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A location or site has cultural value if its significance to Native American beliefs or customs "has been ethnohistorically documented and if the site can be clearly defined" (Parker and King 1990: 15-27). Therefore, locations or natural features significant in the mythology, cosmology, and history of a Native American group are potentially eligible to the National Register. This includes sites "where Native American religious practitioners have historically gone, and are known or thought to go today, to perform ceremonial activities in accordance with traditional cultural rules of practice" (Parker and King 1990:1 ). Traditional cultural significance is meant to imply any location "where a community has traditionally carried out economic artistic, or other cultural practices important in maintaining its historic identity" (Parker and King 1990: I). Finally, the Native American Graves Protection and Repatriation Act of 1990 (NAGPRA), PL 101-106, controls the correct handling of unmarked Indian graves and human skeletal remains. It also establishes a means for tribes to ask for the return of skeletal material, grave goods, sacred objects and articles of cultural patrimony from federally funded curation facilities The above overview makes it abundantly clear that Park managers need to develop assessment and evaluation programs for the lands under their responsibility. However, these programs cannot be implemented without collaboration between archaeologists and Native Americans Productive scholarship, such as this, will 10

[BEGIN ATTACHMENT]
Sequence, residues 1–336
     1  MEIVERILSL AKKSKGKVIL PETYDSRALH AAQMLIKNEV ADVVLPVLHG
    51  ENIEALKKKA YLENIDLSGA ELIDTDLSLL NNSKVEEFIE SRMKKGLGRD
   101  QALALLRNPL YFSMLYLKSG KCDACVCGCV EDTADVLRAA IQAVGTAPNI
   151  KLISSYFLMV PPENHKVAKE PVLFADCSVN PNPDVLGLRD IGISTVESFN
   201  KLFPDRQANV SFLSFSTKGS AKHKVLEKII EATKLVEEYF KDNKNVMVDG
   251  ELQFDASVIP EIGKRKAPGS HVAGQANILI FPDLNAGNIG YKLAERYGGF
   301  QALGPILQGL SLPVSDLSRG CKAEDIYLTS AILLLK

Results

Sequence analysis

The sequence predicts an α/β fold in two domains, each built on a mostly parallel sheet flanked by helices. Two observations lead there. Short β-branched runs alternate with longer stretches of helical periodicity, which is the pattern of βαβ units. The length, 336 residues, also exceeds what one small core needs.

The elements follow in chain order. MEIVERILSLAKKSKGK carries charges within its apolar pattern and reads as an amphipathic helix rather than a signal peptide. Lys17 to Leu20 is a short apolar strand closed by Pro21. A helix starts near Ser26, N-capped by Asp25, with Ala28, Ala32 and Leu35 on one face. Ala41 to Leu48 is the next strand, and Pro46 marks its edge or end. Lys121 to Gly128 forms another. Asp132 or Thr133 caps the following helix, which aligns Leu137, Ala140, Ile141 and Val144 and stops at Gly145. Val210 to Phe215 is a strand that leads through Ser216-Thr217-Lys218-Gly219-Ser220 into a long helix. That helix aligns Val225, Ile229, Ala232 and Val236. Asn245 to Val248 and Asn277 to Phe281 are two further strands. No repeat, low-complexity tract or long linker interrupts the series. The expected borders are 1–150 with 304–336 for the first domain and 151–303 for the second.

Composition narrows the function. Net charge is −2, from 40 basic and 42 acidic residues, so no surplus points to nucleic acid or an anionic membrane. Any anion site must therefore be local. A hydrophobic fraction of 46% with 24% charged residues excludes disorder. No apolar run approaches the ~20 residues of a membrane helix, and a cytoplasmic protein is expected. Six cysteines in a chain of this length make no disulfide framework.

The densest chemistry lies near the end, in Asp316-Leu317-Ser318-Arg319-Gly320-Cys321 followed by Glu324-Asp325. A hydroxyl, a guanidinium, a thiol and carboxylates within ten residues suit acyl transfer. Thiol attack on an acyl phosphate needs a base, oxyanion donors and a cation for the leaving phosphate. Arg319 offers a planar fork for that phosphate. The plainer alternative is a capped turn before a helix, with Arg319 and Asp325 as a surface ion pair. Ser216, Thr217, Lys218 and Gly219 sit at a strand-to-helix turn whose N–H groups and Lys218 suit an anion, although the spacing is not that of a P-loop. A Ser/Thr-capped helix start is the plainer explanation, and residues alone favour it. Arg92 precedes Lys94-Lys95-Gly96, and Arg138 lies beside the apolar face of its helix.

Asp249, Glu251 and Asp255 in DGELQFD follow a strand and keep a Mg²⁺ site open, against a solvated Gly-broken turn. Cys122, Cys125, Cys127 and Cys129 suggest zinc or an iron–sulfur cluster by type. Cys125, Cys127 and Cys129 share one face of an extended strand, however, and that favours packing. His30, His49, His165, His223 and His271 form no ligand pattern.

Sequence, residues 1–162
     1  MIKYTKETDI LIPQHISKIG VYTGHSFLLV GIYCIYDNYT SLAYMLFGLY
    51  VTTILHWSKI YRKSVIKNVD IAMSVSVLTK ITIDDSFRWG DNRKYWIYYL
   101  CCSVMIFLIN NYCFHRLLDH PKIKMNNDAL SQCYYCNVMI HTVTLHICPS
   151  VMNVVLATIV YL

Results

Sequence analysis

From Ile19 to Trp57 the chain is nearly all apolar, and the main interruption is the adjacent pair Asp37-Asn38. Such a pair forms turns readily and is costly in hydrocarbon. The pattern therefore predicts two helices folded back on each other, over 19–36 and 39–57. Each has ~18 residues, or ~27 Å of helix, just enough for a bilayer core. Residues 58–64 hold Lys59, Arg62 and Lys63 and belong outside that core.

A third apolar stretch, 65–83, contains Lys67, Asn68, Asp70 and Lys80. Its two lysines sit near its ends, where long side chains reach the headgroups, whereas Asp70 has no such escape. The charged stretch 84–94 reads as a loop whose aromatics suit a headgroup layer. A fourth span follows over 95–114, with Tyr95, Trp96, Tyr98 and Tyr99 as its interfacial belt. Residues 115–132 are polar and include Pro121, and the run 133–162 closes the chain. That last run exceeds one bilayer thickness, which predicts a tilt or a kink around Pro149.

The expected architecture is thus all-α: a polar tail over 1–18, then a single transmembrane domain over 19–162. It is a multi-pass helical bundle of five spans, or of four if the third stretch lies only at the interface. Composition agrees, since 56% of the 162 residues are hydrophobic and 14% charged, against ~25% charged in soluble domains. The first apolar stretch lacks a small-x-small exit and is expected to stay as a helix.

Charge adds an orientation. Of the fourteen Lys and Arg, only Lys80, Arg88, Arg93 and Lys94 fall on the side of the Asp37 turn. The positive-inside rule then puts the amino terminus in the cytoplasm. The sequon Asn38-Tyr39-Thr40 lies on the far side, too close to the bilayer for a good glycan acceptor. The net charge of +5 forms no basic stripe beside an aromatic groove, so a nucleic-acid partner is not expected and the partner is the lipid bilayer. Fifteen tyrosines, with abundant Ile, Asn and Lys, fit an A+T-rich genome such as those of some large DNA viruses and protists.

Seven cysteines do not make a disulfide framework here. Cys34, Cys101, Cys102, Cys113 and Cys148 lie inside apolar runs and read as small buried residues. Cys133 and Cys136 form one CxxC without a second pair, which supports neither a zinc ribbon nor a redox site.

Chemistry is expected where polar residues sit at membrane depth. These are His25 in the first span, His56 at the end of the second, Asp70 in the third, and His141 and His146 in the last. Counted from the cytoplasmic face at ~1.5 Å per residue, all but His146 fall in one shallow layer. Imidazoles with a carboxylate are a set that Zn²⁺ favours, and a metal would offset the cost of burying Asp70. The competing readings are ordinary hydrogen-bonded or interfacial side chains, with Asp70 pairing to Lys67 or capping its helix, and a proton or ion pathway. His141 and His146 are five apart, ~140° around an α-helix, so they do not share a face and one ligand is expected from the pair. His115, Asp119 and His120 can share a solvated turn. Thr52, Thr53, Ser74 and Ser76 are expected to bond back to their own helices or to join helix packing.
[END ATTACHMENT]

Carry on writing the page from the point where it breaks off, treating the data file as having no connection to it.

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result in a better understanding, protection and preservation of the invaluable cultural and etlmographic resources on federal lands in North America. 1.3 Identification of Culturally Mfiliated Archaeological Sites For archaeologists, the first step in the assessment and evaluation of an identified etlmographic resource is to determine the resource's cultural affiliation. However, archaeologists have encountered many problems determining the cultural affiliation of archaeological resources, specifically sites; hence, they have been reluctant to assign sites to a particular tribe or linguistic group Malouf ( 1967:1) notes that "one of the most difficult problems in regional archaeology is to associate specific sites with historic Indian tribes." Some of the reasons it is so hard to identify the tribal affiliation of archaeological sites in areas such as the Rocky Mountains include (1) the degree to which tribes entered each others' territory for raiding and other war related activities, (2) the practice of friendly tribes (e.g Arapaho and Cheyenne) to combine for protection, ceremonies, games, and trading activities, (3) the absence of well-defined boundaries between tribes, and (4) the movements of individuals between tribes, such as the women captured in war (Malouf 1967:1 ). Furthermore, in the general region of Rocky Mountain National Park, the ephemeral nature of Native American hunter-gatherer sites produced by historic tribal groups such as the Ute, Apache, Cheyenne, Arapaho, and Sioux occupation, 11